Help is also available for those individuals who cannot afford out-of-pocket expenses. People with incomes between 100 percent of the federal poverty level and 250 percent (about $28,725 for an individual and $58,875 for a family of four) are eligible for cost-sharing reductions so that deductibles and co-payments will be cheaper and out-of-pocket maximums will be lower. However, those reductions are only available to those who purchase silver-level plans, although they will still be eligible for the premium subsidies.
Changes in income should be reported to the exchange to avoid owing money to the Internal Revenue Service at tax time, if income increases, or to get a larger subsidy, if income falls.
– What about Medicaid eligibility
Costing a total of $1.3 trillion, the Affordable Care Act was designed to make affordable health insurance accessible to almost all Americans via a two-part system: the expansion of state Medicaid programs and the creation of insurance exchanges where individuals will be able to comparison-shop for health insurance policies. However, the Supreme Court ruled that the mandated expansion of Medicaid was unconstitutional, finding that taking away all a state’s funds for its entire Medicaid program because it refused to make the expansion was a coercive policy. Instead, the Medicaid expansion was made optional, and 22 states decided not to move forward with the program while 3 states have yet to come to a decision. Alabama, Alaska, Florida, Georgia, Idaho, Indiana, Kansas, Louisiana, Maine, Mississippi, Missouri, Montana, Nebraska, North Carolina, Oklahoma, South Carolina, South Dakota, Texas, Utah, Virginia, Wisconsin, and Wyoming are not expanding the program as of now.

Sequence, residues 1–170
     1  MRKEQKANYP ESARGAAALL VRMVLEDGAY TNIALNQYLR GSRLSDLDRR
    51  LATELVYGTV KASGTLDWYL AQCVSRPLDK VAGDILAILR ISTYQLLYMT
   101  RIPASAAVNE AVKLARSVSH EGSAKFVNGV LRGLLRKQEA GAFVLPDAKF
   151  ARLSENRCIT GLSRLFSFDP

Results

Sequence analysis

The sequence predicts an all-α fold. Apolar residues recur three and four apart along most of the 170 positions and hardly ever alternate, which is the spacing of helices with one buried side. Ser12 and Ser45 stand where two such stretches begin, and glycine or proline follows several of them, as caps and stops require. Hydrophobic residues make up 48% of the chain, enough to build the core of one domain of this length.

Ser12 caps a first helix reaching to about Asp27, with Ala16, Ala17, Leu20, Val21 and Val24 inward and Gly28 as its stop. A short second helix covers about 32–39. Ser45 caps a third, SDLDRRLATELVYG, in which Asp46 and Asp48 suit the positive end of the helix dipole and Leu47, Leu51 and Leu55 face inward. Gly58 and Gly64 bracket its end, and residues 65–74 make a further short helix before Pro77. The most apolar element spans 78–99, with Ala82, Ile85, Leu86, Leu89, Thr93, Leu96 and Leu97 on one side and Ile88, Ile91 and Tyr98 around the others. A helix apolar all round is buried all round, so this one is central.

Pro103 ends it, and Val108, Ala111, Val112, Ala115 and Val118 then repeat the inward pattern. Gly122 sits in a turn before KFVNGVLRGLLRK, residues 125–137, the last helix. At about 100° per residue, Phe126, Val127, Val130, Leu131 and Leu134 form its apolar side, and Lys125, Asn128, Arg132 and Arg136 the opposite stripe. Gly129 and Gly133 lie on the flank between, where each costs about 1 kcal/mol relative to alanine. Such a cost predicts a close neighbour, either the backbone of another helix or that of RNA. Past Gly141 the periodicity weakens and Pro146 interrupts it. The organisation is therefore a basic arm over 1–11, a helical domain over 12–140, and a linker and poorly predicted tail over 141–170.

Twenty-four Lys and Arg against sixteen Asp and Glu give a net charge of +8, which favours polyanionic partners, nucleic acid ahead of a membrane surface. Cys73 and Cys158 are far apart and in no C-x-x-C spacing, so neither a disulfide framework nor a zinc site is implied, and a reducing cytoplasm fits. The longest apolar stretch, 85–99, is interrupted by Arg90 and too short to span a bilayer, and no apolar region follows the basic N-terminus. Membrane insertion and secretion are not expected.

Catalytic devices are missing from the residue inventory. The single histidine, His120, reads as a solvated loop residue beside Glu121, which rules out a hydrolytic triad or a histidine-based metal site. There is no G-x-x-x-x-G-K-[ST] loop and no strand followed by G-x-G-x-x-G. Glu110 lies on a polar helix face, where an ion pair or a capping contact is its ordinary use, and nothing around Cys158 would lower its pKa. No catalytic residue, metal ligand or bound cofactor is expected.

In the 25 states, plus the District of Columbia, that have expanded the program, any individual who does not have employer-sponsored coverage, is under the age of 65, and earns up to 138 percent of the federal poverty level (about $16,000 for an individual and $32,500 for a family of four in 2014, qualifies for Medicaid.
It is important to remember that Medicaid, a federal health program for families and individuals with low income, is different than Medicare, a program that guarantees access to health insurance for Americans aged 65 or older. Medicare beneficiaries are already covered and the Affordable Care Act will do nothing to change their benefits; they do not have to change their Medicare coverage or enroll in their state’s exchange. In fact, it is illegal for insurance providers to sell an exchange policy to a Medicare beneficiary.
– Will all doctors accept exchange-based insurance?
The Obama administration’s rhetoric has hammered home the point that “competition and consumer choice [on the exchanges] are actually making insurance affordable.” The less obvious piece of that strategy is that the health insurance will cost customers less than expected because many insurers will limit the choices of doctors and hospitals available.